Social Science Research Institute (SSRI) at Duke UniversityJanuary 2013

   Deborah Hicks Escapes Appalachia,
Returns As A Teacher

Deborah Hicks, research scholar at SSRI, grew up in an Appalachian paper mill town she hoped to escape. Her education opened doors for her to leave and travel to other parts of a country, but she returned time and again to Appalachia as a teacher. Deborah has dedicated her life to educating those that need her most - focusing on young girls in poor neighborhoods. She is the founder and director of PAGE, Partnership for Appalachian Girls' Education, in Madison County.

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  Bass Connections

Launched by a $50 million donation by Anne and Robert Bass, the program will prepare students to tackle complex issues facing society through problem-focused educational pathways and integrated project teams in five broad thematic areas. Bass Connections in Education & Human Development, led by SSRI Director Tom Nechyba, will provide a rich and stimulating interdisciplinary framework for engaging students and faculty to investigate a broad constellation of measurable human outcomes-including social capital, health, income, and well-being-and the vital influence of education on those outcomes. Connections in Education & Human Development will draw participants from multiple disciplines, including economics, psychology, education, biology, neuroscience, and public policy; will feature a broad set of gateway courses offered through several departments; and self-contained modules designed to ensure a meaningful common language among all participants.


   Restraining Order: The Art of Self-Control   
If you're not familiar with the Center for Advanced Hindsight's program of absurdist yet practical critique, come and see their current exhibition, Restraining Order: The Art of Self Control, which is on view through Feb. 22. Director Dan Ariely and curator Catherine Howard invited 25 artists working in a variety of media to participate in a discussion with Ariely about his research into techniques for developing self-control. Artists also did self-control exercises while creating work in response to the research. An alternative to open calls for thematic work, the Center's process is designed (with a modicum of facetiousness) to spur retrospective insight.

Check out pics of the event


    Why Universities Should Avoid Income As Proxy for Race-Based Admissions Policy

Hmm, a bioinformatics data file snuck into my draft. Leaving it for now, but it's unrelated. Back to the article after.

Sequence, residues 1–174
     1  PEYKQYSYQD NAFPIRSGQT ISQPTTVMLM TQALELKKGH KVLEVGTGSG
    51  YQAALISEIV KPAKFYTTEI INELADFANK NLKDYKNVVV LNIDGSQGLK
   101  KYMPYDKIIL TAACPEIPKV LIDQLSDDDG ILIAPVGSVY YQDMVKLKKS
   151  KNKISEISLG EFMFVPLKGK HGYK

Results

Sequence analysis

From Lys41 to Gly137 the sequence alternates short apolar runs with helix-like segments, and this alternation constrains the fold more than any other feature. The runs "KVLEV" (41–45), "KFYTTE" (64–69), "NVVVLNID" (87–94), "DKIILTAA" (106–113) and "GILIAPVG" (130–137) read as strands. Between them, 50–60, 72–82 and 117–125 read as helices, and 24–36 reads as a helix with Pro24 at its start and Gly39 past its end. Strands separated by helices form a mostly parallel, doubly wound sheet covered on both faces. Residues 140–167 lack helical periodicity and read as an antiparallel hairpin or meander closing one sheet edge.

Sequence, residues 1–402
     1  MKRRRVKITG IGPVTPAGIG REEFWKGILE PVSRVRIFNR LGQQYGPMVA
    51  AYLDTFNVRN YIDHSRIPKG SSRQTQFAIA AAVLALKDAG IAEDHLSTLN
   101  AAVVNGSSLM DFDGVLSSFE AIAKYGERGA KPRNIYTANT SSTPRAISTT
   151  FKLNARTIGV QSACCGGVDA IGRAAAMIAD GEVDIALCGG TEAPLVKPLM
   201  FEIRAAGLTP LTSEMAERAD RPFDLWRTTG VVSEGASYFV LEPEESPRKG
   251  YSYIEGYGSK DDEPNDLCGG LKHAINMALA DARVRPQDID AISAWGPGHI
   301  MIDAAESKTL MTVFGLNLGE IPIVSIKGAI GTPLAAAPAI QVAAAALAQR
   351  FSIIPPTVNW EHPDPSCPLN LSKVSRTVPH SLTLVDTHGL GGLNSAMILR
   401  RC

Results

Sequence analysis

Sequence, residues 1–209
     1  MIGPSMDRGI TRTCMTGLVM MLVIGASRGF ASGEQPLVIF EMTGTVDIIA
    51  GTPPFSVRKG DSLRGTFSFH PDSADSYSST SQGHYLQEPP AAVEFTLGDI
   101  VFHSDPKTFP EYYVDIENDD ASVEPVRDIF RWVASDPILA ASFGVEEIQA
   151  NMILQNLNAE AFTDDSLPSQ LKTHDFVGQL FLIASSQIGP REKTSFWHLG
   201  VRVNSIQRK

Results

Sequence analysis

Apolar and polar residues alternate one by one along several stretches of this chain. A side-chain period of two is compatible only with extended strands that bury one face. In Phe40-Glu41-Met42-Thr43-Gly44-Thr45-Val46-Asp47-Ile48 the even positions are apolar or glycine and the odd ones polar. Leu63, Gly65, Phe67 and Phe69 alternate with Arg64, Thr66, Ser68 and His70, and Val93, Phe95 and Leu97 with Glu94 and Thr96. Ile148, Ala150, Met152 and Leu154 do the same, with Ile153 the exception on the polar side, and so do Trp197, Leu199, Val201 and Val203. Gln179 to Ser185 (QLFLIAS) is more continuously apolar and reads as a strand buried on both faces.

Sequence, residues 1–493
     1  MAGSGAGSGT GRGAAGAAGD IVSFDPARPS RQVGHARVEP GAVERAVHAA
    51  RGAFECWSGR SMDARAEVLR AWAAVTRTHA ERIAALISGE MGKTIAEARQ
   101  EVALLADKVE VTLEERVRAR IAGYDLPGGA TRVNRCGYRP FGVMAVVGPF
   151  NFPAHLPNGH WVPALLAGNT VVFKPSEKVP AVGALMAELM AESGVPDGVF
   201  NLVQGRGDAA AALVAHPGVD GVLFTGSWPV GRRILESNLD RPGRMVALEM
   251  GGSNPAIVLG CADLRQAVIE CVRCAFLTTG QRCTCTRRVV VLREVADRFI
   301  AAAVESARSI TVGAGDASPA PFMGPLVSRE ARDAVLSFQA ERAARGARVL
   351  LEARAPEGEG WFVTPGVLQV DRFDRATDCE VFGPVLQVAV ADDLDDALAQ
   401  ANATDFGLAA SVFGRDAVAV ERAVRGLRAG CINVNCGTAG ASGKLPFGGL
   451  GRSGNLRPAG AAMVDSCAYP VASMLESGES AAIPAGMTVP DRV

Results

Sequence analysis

In the coming weeks, the U.S. Supreme Court may land the final blow to what's left of race-based affirmative action in higher education. If the type of questioning raised during case hearings in October are an indicator, the Court may rule that the University of Texas at Austin's 

 admissions policies violate the Equal Protection Clause of the 14th Amendment, and that the plaintiff, 22-year old Abigail Fisher, was a victim of what affirmative action opponents long have framed as "reverse discrimination." In practice, this means that public universities, but also private institutions that receive federal monies, may be required to eliminate any "race-based" admissions criteria. Even the smallest race-based factors considered permissible under the Grutter vs. Bollinger (2003) decision -- which the court ruled were "narrowly-tailored" enough alongside other admissions criteria given a "compelling interest" for universities to represent the diverse demographic composition of the United States -- may be void.

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    Shipbuilding contracts should lead to 30 years of opportunity

The province is helping Nova Scotians get ready to make the most of the federal shipbuilding contracts that will bring 30 years of opportunities and good jobs. Premier Darrell Dexter released an analysis of the range of activities needed to create, produce, deliver and maintain the arctic offshore patrol ships, polar icebreaker, and research vessels. SSRI's Center on Globalization, Governance & Competitiveness (CGGC) prepared the study, which shows how local companies could become suppliers to the shipbuilding programs in Nova Scotia and British Columbia.

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About SSRI
The Social Science Research Institute (SSRI) is the interdisciplinary social science research institute of Duke University. Our core mission is to catalyze pioneering social science research and methods across the social and behavioral sciences.
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